the clock grid is centered along the 12 o'clock ray, at a midpoint between a front end of the head front portion and a rear end of the head rear portion;
the 3 o'clock ray extends towards the head heel portion;
the 9 o'clock ray extends towards the head toe portion;
a perimeter of the weight structure is bounded between the 4 o'clock ray and the 9 o'clock ray; and
a center of gravity of the weight structure is located between the 5 o'clock ray and the 8 o'clock ray.
2. The golf club head of claim 1, wherein:
the horizontal moment of inertia is greater than or equal to 40% of the hosel moment of inertia.
3. The golf club head of claim 1, wherein:
the horizontal moment of inertia is greater than or equal to 45% of the hosel moment of inertia.
4. The golf club head of claim 1, wherein:
the horizontal moment of inertia is greater than or equal to 50% of the hosel moment of inertia.
5. The golf club head of claim 1, wherein:
the horizontal moment of inertia is approximately 2800 g·cm2 to approximately 4300 g·cm2.
6. The golf club head of claim 1, further comprising:
a head vertical axis extending through the head center of gravity, from the head top portion to the head sole portion, and perpendicular to the ground plane when the golf club head is at the address position over the ground plane; and
a vertical moment of inertia about the head vertical axis;
wherein the vertical moment of inertia is greater than or equal to 59% of the hosel moment of inertia.
7. The golf club head of claim 6, wherein:
the vertical moment of inertia is greater than or equal to 60% of the hosel moment of inertia.
8. The golf club head of claim 6, wherein:
the vertical moment of inertia is greater than or equal to 65% of the hosel moment of inertia.
9. The golf club head of claim 6, wherein:
the vertical moment of inertia is greater than or equal to 70% of the hosel moment of inertia.
10. The golf club head of claim 6, wherein:
the vertical moment of inertia is approximately 4700 g·cm2 to approximately 6000 g·cm2.
11. The golf club head of claim 10, wherein:
the hosel moment of inertia is approximately 7000 g·cm2 to approximately 11000 g·cm2; and
the horizontal moment of inertia is approximately 2800 g·cm2 to approximately 4300 g·cm2.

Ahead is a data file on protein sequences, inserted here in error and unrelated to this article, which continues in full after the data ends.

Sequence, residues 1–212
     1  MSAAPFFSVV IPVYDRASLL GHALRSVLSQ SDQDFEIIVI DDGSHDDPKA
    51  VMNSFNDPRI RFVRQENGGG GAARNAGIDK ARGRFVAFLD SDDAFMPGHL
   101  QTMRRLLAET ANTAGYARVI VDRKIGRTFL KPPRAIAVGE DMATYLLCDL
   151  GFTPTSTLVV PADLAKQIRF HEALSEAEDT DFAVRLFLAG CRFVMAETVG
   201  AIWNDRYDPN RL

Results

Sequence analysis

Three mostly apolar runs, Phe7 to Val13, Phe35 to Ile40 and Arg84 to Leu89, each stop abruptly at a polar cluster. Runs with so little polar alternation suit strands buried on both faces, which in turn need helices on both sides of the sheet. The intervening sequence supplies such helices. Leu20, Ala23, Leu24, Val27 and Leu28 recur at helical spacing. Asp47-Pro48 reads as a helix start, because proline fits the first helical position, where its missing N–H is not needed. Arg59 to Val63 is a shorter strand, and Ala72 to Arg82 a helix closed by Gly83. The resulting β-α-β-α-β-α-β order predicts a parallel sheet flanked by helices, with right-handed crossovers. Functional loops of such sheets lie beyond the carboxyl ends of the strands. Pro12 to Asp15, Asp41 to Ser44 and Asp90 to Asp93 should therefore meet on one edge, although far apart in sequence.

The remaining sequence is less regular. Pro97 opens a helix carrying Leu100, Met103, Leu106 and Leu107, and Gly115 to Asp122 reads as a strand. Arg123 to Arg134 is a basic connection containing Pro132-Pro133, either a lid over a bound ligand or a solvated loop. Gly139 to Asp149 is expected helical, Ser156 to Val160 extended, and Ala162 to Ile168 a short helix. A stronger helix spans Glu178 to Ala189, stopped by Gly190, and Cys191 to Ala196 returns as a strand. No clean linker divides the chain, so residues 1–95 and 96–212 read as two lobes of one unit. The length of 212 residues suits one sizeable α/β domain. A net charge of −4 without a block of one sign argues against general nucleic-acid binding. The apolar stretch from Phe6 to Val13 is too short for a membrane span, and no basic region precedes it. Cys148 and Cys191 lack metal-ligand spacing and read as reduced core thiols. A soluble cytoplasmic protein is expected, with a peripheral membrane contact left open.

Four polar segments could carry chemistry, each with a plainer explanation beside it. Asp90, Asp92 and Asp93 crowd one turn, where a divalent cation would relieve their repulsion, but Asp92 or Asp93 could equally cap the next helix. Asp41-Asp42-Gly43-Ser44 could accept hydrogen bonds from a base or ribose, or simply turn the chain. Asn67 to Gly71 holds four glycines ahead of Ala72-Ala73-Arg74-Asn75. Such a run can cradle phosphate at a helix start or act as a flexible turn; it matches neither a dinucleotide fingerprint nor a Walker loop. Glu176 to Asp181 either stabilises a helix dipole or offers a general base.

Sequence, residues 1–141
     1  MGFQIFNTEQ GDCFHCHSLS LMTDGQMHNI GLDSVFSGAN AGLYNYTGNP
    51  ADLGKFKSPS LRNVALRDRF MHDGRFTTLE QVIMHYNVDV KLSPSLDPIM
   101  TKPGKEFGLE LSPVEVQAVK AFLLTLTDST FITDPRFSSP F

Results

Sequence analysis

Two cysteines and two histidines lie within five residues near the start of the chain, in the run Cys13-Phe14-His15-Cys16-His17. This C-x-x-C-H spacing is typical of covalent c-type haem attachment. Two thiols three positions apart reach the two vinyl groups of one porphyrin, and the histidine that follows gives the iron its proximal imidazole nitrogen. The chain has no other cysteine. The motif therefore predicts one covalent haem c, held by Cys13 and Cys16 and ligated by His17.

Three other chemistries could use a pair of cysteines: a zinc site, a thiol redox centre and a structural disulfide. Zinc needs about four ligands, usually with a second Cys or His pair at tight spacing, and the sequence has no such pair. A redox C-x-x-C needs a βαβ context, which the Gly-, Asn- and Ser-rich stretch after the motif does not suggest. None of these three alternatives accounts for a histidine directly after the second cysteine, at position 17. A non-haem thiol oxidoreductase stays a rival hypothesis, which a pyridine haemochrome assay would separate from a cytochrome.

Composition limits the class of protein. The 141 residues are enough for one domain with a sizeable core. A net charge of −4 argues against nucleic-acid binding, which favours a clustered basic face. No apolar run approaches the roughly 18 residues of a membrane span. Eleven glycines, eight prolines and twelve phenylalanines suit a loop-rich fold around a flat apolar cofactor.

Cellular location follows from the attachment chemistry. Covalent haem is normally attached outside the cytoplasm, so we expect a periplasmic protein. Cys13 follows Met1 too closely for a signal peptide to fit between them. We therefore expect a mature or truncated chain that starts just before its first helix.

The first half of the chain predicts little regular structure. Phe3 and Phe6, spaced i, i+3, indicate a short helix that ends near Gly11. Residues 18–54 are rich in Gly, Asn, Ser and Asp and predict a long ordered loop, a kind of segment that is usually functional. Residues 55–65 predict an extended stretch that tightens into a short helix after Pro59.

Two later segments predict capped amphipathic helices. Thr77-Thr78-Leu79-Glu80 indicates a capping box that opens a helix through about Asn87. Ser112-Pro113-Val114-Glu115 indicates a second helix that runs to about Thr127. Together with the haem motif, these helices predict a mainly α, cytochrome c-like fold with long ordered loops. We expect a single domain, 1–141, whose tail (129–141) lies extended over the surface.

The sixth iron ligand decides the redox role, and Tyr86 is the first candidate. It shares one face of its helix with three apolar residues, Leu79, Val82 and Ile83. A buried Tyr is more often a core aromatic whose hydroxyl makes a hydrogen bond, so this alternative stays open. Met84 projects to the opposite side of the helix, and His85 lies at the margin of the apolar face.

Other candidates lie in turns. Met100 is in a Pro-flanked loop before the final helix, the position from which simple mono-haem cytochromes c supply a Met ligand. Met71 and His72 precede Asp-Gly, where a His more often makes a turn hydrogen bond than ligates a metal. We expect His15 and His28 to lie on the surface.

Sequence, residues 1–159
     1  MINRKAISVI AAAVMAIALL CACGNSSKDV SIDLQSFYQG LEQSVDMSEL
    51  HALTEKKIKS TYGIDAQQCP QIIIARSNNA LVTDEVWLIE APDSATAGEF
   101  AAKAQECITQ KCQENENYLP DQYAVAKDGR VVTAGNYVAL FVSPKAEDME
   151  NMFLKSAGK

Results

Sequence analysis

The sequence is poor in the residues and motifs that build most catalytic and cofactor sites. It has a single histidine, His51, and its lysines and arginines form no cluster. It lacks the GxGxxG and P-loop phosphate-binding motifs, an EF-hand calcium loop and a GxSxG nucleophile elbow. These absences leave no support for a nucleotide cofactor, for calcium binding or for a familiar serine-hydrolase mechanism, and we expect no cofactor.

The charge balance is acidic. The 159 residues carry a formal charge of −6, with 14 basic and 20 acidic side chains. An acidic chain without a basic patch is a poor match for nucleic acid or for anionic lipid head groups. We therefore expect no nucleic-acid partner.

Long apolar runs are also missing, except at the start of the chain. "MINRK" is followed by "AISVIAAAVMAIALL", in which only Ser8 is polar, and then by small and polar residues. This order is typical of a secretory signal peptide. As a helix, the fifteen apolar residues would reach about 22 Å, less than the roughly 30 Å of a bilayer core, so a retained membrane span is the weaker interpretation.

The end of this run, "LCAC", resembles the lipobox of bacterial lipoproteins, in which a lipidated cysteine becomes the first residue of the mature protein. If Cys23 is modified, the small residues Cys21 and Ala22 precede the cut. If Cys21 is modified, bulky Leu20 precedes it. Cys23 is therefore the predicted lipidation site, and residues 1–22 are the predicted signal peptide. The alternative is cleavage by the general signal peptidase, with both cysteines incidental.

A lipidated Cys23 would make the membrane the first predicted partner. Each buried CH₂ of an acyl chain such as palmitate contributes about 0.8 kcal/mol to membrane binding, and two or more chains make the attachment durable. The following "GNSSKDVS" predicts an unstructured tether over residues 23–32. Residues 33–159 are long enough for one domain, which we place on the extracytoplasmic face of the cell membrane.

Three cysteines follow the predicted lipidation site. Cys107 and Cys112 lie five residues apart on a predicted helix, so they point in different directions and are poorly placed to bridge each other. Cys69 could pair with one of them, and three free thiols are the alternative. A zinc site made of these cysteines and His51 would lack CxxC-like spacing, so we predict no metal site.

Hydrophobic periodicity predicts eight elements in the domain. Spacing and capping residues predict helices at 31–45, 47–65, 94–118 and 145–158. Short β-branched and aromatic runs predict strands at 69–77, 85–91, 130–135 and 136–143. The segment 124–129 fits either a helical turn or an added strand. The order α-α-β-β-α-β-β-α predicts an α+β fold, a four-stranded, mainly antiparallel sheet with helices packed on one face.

12. The golf club head of claim 1, wherein:
the weight structure protrudes at least partially from an external contour of the head sole portion; and
the weight structure comprises:
a weight mass of approximately 2 grams to approximately 50 grams; and
a weight volume of approximately 1 cc to approximately 30 cc.
13. The golf club head of claim 1, further comprising:
a head vertical axis extending through the head center of gravity, from the head top portion to the head sole portion, and perpendicular to the ground plane when the golf club head is at the address position over the ground plane; and
wherein:
the head body comprises a driver-type body;
a front plane of the golf club head extends through the strikeface centerpoint and parallel to the hosel axis;
a head depth plane extends through the strikeface centerpoint, parallel to the head horizontal axis and perpendicular to the loft plane;
a CG height axis extends through the head center of gravity and intersects the head depth plane perpendicularly at a first intersection point;
a head CG height of the head center of gravity is measured, along the CG height axis, between the head center of gravity and the first intersection point;
a head CG depth of the head center of gravity is measured, parallel to the ground plane and orthogonal to the front plane, between:
a second intersection point located at an intersection between the front plane and the ground plane; and
a third intersection point located at an intersection between the head vertical axis and the ground plane;
the head CG height is approximately 0 mm to approximately 5.08 mm;
the head CG depth is approximately 25 mm to approximately 102 mm;
a head volume of the golf club head is approximately 420 cc to approximately 470 cc; and
a head weight of the golf club head is approximately 185 grams to approximately 225 grams.
14. The golf club head of claim 13, wherein:
a first optimization characteristic, defined as the absolute value of the head CG height, is less than or equal to 5.08 mm;
a second optimization characteristic, defined as the difference between 76.2 mm and a face height, divided by the head CG depth, is less than or equal to 0.56;
a third optimization characteristic defined as the head volume plus a ratio of the head CG depth to the absolute value of the head CG height is greater than or equal to 425.
15. The golf club head of claim 1, wherein:
a weight distance between the head center of gravity and a weight center of the weight structure is approximately 25 mm to approximately 102 mm.
16. The golf club head of claim 1, further comprising:
a hosel coupling mechanism comprising the hosel structure and a shaft sleeve configured to adjustably couple a golf shaft to the hosel structure.
17. The golf club head of claim 1, wherein:
the weight structure comprises a weight center;